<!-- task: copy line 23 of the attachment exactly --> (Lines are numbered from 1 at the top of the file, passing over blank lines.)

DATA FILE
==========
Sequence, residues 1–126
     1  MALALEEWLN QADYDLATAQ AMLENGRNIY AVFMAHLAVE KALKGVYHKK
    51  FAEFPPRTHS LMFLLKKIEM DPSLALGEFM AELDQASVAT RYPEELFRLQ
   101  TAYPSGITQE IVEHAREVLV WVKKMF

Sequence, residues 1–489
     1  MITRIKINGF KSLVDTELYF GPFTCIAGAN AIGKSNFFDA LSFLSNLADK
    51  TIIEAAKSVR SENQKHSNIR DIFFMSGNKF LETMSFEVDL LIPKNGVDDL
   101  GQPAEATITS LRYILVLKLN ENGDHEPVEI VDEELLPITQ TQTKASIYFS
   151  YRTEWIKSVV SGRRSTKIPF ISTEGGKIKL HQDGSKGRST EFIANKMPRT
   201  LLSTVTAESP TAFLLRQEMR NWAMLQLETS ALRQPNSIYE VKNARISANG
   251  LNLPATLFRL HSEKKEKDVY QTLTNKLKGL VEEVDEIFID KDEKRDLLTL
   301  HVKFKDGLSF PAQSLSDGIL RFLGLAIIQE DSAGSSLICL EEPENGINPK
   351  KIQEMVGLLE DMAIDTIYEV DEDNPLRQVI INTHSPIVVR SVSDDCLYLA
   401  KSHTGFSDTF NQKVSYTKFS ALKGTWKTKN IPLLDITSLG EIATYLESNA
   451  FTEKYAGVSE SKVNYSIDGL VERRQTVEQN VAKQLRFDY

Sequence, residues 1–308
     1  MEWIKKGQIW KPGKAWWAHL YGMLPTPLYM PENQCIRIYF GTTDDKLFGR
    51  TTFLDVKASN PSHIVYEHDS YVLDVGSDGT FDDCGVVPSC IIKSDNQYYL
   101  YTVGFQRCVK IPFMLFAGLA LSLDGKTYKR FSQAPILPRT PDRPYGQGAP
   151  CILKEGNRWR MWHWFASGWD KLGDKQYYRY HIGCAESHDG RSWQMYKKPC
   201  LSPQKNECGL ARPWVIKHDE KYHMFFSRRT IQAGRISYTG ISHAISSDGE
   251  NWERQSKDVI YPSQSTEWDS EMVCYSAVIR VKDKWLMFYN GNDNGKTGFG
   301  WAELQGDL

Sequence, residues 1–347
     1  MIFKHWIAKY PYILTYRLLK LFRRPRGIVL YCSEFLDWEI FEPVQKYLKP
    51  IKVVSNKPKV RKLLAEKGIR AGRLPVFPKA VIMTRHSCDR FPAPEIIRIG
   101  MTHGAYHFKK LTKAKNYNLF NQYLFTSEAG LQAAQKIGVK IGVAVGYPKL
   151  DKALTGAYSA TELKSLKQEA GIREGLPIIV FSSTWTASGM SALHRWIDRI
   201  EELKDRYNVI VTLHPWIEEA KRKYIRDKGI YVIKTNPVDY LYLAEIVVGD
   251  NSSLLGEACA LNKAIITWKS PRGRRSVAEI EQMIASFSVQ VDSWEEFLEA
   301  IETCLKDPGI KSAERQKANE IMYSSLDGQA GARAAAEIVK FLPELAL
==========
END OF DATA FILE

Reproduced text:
   301  WAELQGDL